Life Imitates Seinfeld: Ne-Yo And Mary Hart’s Voices Can Give You Seizures
“I’LL be walking around the supermarket doing my food shopping and I have to put my earphones in to listen to my own music just in case it comes on,” says Zoe Fennessy, 26, of Nottinghamshire. Every time she hears singer Ne-Yo’s voice she suffers an epileptic seizure.
“It’s the same with most shops. I have to walk in with my ear phones in at first just to make sure they don’t have Ne-Yo on. If he ever releases a greatest hits album it’s going to be a nightmare. Whenever I hear the first few beats of the song I have to drop whatever I am doing and run. People might think it is funny – and I can laugh at it myself – but it has taken over my life. It’s ruined my life.”
Zoe…had her first seizure on New Year’s Day in 2006 after a long period of sickness and doctors put it down to tiredness and stress. But when her seizures increased to six a DAY her GP booked her in for a brain test and doctors diagnosed her with epilepsy in 2008. But it wasn’t until she heard Ne-Yo’s ‘Give Me Everything’ featuring Pitbull – which topped the charts in May 2011 – that she had her first music-induced seizure.
She was checked over. Her doctor’s notes read:
“We recognised a few musicogenic seizures arising from the right temporal lobe stimulated by songs sung by Neyo… During her admission she was listening to the radio on [her] iPhone when a specific song came on the radio that triggers her fits (Pitbull Ne-Yo – Tonight). She called for assistance at this point and she was noted to be shaking and looking rather anxious and acting a bit confused.”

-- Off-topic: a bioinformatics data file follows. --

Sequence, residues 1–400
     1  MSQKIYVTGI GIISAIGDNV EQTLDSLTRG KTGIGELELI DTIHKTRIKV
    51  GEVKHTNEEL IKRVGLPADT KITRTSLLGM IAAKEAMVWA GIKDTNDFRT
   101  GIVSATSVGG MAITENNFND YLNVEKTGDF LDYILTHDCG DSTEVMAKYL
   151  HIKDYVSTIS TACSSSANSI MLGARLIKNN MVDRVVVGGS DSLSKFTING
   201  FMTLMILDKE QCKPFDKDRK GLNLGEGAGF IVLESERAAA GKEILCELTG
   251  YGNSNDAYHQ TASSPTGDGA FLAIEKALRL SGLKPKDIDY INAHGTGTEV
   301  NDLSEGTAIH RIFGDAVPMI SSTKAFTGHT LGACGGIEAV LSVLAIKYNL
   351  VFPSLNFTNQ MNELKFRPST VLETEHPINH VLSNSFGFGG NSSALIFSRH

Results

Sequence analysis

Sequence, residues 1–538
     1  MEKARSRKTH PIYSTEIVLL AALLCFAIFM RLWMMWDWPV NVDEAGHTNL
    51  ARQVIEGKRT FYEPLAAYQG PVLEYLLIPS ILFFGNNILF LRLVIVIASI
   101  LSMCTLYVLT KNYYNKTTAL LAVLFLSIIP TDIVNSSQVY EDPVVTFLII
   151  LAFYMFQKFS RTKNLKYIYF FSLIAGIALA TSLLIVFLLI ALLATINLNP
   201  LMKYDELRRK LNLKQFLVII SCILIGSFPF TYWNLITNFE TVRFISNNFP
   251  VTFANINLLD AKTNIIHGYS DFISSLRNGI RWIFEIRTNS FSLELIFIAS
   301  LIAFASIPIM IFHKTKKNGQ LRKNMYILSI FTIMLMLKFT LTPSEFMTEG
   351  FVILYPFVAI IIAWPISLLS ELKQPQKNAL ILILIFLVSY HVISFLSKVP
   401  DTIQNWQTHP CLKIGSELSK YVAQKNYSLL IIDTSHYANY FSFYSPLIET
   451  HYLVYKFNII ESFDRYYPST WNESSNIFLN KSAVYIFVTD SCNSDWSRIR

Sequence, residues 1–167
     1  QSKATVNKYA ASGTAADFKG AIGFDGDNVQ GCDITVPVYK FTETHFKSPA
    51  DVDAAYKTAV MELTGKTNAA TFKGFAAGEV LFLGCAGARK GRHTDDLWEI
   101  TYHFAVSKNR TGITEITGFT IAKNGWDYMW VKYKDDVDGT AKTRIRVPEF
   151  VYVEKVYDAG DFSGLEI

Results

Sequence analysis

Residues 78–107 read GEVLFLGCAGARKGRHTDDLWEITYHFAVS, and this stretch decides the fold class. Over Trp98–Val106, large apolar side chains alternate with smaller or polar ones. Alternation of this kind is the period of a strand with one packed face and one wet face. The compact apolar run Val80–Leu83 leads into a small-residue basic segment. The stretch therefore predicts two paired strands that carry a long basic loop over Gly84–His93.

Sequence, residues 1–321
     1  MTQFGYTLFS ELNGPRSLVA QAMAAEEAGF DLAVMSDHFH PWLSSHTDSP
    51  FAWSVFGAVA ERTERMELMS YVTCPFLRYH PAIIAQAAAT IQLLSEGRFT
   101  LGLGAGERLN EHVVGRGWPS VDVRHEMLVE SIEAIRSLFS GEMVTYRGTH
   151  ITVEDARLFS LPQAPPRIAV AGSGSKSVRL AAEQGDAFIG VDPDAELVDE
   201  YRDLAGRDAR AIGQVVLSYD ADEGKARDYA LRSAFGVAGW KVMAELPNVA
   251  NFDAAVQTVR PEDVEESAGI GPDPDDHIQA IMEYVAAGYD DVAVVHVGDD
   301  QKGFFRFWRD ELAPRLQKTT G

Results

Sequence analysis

We’ve seen similar things with pet cats:
Jeffrey has fits of around a minute in length, caused by mouse clicks and the tapping of boiled eggs. Gracie suffered a similar reaction to the sound of a newspaper, which caused her to run in circles and collide with furniture. After that, she convulses.
And Mary Hart could carry a health warning:
A neurologist reports in a medical journal that a woman got epileptic seizures by hearing the voice of Mary Hart, a host of the syndicated television program “Entertainment Tonight.”
Symptoms included an upset stomach, a sense of pressure in her head and mental confusion, said Dr. Venkat Ramani, who reports the case in today’s issue of The New England Journal of Medicine.
“It was very dramatic,” said Dr. Ramani, who said he studied the seizures when the woman heard Ms. Hart’s voice in a laboratory test. The doctor said she would rub her stomach, hold her head “and then she would look confused and far away, the expression in her eyes, she looked like she was far away and out of it.”
The case inspired The Good Samaritan, a 1992 Seinfeld episode in which Kramer has seizures whenever he hears Hart’s voice.
A 53-year-old woman in whom seizures were triggered by the voices of three male radio announcers.
What do we know?
Autosomal dominant partial epilepsy with auditory features (ADPEAF) is an uncommon form of epilepsy that runs in families. This disorder causes seizures usually characterized by sound-related (auditory) symptoms such as buzzing, humming, or ringing. Some people experience more complex sounds during a seizure, such as specific voices or music, or changes in the volume of sounds. Some people with ADPEAF suddenly become unable to understand language before losing consciousness during a seizure. This inability to understand speech is known as receptive aphasia. Less commonly, seizures may cause visual hallucinations, a disturbance in the sense of smell, a feeling of dizziness or spinning (vertigo), or other symptoms affecting the senses.
It’s a mystery…